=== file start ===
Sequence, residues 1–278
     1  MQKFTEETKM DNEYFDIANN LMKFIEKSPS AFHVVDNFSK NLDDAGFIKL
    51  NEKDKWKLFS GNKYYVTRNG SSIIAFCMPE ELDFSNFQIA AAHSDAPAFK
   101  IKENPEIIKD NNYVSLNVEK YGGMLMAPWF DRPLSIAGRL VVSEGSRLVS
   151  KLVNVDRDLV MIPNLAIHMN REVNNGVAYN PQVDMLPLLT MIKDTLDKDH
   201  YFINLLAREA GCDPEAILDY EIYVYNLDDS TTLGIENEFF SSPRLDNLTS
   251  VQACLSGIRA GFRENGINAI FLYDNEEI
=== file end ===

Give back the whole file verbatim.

Sequence, residues 1–278
     1  MQKFTEETKM DNEYFDIANN LMKFIEKSPS AFHVVDNFSK NLDDAGFIKL
    51  NEKDKWKLFS GNKYYVTRNG SSIIAFCMPE ELDFSNFQIA AAHSDAPAFK
   101  IKENPEIIKD NNYVSLNVEK YGGMLMAPWF DRPLSIAGRL VVSEGSRLVS
   151  KLVNVDRDLV MIPNLAIHMN REVNNGVAYN PQVDMLPLLT MIKDTLDKDH
   201  YFINLLAREA GCDPEAILDY EIYVYNLDDS TTLGIENEFF SSPRLDNLTS
   251  VQACLSGIRA GFRENGINAI FLYDNEEI